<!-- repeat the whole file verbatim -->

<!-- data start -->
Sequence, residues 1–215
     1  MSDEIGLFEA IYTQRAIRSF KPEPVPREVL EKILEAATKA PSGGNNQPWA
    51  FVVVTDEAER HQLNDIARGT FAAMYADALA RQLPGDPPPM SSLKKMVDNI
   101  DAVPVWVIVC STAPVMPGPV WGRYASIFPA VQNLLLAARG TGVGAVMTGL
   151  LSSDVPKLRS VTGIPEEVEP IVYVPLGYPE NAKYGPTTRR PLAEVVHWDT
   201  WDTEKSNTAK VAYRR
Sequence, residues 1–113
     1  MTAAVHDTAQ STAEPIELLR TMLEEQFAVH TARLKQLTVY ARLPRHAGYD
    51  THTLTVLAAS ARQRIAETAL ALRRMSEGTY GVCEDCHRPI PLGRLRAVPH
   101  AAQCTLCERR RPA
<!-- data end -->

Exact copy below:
Sequence, residues 1–215
     1  MSDEIGLFEA IYTQRAIRSF KPEPVPREVL EKILEAATKA PSGGNNQPWA
    51  FVVVTDEAER HQLNDIARGT FAAMYADALA RQLPGDPPPM SSLKKMVDNI
   101  DAVPVWVIVC STAPVMPGPV WGRYASIFPA VQNLLLAARG TGVGAVMTGL
   151  LSSDVPKLRS VTGIPEEVEP IVYVPLGYPE NAKYGPTTRR PLAEVVHWDT
   201  WDTEKSNTAK VAYRR
Sequence, residues 1–113
     1  MTAAVHDTAQ STAEPIELLR TMLEEQFAVH TARLKQLTVY ARLPRHAGYD
    51  THTLTVLAAS ARQRIAETAL ALRRMSEGTY GVCEDCHRPI PLGRLRAVPH
   101  AAQCTLCERR RPA